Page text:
• National Theatre Live Midsummer's Night Dream

    National Theatre Live Marks Decade of Stage-to-Screen With Immersive ‘Midsummer’

    National Theatre Live has filmed nearly eight dozen theatrical productions over the last decade, bringing theater to the cinema using top technologies and talents in the videography space. This month, on the eve of its 10th anniversary, its production of “A Midsummer Night’s Dream” is challenging the technical producers and crew with an immersive stage [...]

  • 180423_A24_Day_03B_0897.jpg

    How Bright Bulbs Enabled 'The Lighthouse's' Tough Black-and-White Shoot

    Early in development on “The Lighthouse,” writer-director Robert Eggers asked cinematographer Jarin Blaschke if he thought they could capture the look they were going for digitally. Blaschke answered no: Digital wouldn’t let them achieve the texture they had in mind — “what we photography nerds would call ‘micro-contrast.’ [The look] was never going to be [...]

  • Advanced Imaging Society Honors 10 Women

    AIS Honors 10 Women in Tech

    Celebrating 10 years of achievement in entertainment technology, the Advanced Imaging Society today named 10 female industry innovators who will receive the organization’s 2019 Distinguished Leadership Awards at the its 10th annual Entertainment Technology Awards ceremony on October 28 in Beverly Hills. The individuals were selected by an awards committee for being significant “entertainment industry [...]

  • Will Smith Gemini Man Special Effects

    How the 'Gemini Man' VFX Team Digitally Created a Younger Version of Will Smith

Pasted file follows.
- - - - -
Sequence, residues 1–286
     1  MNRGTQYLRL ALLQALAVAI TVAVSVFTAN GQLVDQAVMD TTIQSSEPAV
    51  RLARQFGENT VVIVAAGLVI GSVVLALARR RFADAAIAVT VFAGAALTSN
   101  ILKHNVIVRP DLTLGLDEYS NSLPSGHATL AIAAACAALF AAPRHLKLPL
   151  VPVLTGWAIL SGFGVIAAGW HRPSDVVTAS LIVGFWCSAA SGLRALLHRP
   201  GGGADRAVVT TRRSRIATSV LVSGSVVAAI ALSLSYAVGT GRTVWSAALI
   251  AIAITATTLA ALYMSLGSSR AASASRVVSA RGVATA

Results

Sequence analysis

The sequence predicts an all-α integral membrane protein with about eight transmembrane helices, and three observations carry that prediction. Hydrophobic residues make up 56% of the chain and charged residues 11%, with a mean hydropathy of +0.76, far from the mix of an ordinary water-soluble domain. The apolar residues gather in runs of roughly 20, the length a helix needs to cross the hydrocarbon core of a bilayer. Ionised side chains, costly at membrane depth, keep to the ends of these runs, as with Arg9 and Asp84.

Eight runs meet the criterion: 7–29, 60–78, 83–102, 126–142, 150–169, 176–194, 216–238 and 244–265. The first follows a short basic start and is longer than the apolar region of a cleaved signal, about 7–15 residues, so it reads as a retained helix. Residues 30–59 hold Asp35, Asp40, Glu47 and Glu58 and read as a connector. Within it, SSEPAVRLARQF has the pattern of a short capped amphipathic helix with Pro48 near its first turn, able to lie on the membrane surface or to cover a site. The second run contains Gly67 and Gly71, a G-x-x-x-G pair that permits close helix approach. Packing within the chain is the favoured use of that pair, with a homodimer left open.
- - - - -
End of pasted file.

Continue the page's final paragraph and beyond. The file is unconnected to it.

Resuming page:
More human than human — yes, that’s a “Blade Runner” reference — yet it sounds like an unattainable standard when it comes to creating believable, photorealistic, digital human characters. But the visual effects team on Ang Lee’s “Gemini Man” set its sights on something even more difficult: creating a digital version of young Will Smith [...]

  • Jest to Impress Cartoon Network Virtual

    New In-House VR Program Helps Cartoon Network Artists Add a Virtual Dimension

    Teams of animators and artists from across Cartoon Network’s numerous properties are getting the chance to expand into virtual reality storytelling via the company’s pilot program, Journeys VR. The work of the first three teams — including experiences based on action, nature and comedy — was unveiled to global audiences Oct. 1 on Steam and [...]

  • Frozen 2

    How the 'Frozen II' Artists Created Believable Emotion Through Animation

    “The more believable you can make the character [look], the more people believe how [it’s] feeling,” says Tony Smeed, who, with Becky Bresee, shared the challenge of heading animation on Disney’s highly anticipated “Frozen II.” “Emotion comes from inside and manifests itself into actions and facial expressions. Anything beyond that is movement for the sake [...]

More From Our Brands

Access exclusive content